In 2002, Rojas and his band performed and recorded "live" from Las Vegas, Nevada. The album is titled Tito Rojas Live: Autenticamente En Vivo with Roberto Roena as a special guest on the bongos. He released El Viajero in 2014. [7] [8] In 2015, Rojas appeared on Puerto Rican singer Ivy Queen's ninth studio album Vendetta . The album was split into four separate albums, one being an album composed entirely of only salsa music. On the salsa album, Rojas dueted with Queen on "Ella Se Hizo Deseo". [9] Rojas was nominated for Latin Grammy Award for Best Salsa Album three times in his career for Rompiendo Noches, [10] Quiero Llegar a la Casa, [11] and Un Gallo Para la Historia (which was his last album to be released in his lifetime).| [12]

On November 25, 2020, Tito Rojas - "El Gallo Salsero" last live performance was the featured singer on Norberto Vélez's YouTube channel titled "Sesiones Desde La Loma Ep. 14".


Rojas died on December 26, 2020, at the age of 65, after suffering a heart attack. He was buried at the Pax Christi Cemetery in Humacao, Puerto Rico. [1] [13] [14]


External audio
Nuvola apps arts.svg You may listen to Tito Rojas' "A Ti Volvere" here.

Billboard charts

Adapted from Billboard . [16]

See also

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  1. 1 2 "Muere el salsero puertorriqueño Tito Rojas". ELMUNDO (in Spanish). December 26, 2020.
  2. Lannert, John (March 30, 1993). "Secada Lead Latin Noms Following Grammy Win". Billboard. Vol. 105, no. 10. Nielsen Business Media, Inc. p. 10. Retrieved January 3, 2013.
  3. 1 2 "Tito Rojas Chart History: Tropical Airplay". Billboard. Retrieved June 11, 2020.
  4. "Univision Announces the Nominees for Spanish-language Music's Highest Honors Premio Lo Nuestro a la Musica Latina". Univision. March 27, 1996. Archived from the original on December 15, 2013. Retrieved June 11, 2013.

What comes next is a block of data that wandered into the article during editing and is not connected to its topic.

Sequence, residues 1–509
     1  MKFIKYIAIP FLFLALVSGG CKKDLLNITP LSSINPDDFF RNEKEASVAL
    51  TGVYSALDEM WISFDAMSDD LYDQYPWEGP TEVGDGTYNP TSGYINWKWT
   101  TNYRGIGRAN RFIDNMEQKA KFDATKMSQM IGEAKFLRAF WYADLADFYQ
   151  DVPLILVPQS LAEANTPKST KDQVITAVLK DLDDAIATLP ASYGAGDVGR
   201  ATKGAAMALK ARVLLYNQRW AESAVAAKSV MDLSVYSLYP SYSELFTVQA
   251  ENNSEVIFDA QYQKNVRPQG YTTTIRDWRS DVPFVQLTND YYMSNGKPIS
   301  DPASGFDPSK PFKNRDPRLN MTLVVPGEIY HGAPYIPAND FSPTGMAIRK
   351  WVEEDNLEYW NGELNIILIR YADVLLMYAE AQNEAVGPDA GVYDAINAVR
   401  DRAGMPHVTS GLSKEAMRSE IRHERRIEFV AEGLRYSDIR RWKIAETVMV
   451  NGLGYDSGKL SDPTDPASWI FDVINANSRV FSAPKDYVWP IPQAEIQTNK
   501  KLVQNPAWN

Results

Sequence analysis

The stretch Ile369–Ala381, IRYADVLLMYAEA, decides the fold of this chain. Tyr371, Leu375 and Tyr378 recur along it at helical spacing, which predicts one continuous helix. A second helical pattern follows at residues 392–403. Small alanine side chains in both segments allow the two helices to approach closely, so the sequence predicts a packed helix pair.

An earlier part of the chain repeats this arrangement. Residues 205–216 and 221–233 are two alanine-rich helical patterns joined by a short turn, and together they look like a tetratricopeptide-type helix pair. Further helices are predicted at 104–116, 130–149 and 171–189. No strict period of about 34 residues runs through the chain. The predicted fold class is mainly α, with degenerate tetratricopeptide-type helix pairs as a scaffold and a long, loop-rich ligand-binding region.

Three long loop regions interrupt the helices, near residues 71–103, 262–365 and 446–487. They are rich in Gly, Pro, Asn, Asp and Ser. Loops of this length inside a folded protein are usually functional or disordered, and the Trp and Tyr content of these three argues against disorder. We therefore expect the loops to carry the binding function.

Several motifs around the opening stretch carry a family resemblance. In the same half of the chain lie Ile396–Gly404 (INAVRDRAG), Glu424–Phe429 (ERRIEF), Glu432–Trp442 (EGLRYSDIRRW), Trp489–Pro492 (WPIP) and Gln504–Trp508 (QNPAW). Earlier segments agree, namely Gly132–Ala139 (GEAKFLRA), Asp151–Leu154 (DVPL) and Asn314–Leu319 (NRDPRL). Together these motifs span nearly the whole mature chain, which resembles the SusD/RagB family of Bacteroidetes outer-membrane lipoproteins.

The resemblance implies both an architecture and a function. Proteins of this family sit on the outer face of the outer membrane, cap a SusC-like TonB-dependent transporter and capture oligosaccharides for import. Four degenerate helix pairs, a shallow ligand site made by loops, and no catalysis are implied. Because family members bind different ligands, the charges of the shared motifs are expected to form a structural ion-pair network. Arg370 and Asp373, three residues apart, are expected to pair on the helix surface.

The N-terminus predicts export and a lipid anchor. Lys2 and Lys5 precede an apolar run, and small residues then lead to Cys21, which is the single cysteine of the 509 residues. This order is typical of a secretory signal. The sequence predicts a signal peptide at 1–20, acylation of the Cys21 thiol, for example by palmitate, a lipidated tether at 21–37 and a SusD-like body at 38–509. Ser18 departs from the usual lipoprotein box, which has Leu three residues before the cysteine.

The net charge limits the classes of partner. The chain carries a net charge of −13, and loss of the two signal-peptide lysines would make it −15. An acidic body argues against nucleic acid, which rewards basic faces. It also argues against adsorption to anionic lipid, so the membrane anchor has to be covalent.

5. Anchea, Maximo (April 27, 2000). "El 5 de mayo entregan Premio Lo Nuestro a Musica Latina en Miami". El Nuevo Hudson (in Spanish). Advance Publications.
  6. "American certifications – Tito Rojas". Recording Industry Association of America . Retrieved December 28, 2020.
  7. 1 2 https://itunes.apple.com/my/album/el-viajero/id897198839 El Viajero by Tito Rojas
  8. Puerto Rican salsa singer, Tito Rojas reportedly dies at the age of 65
  9. "Ivy Queen launches 4 simultaneous discs: salsa, bachata, hip hop and urban". Fox News Latino . Fox News Network. February 3, 2015. Archived from the original on February 5, 2015. Retrieved February 4, 2015.
  10. "The Full List of Nominations". Los Angeles Times. July 18, 2001. Retrieved January 28, 2011.
  11. "Selected Nominees For The Third Latin Grammy Awards". AllBusiness.com. August 3, 2002. Retrieved January 28, 2011.
  12. Huston, Marysabel (September 29, 2020). "Latin Grammy: J Balvin lidera la lista de nominaciones con 13, le sigue Bad Bunny con 9". CNN (in Spanish). Retrieved September 29, 2020.
  13. Fallece Tito Rojas, el reconocido Gallo Salsero, a los 65 años (in Spanish)
  14. Muere el salsero Tito Rojas (in Spanish)
  15. http://www.allmusic.com/album/el-viajero-mw0002701882/credits El Viajero by Tito Rojas | Credits
  16. "Tito Rojas". Billboard .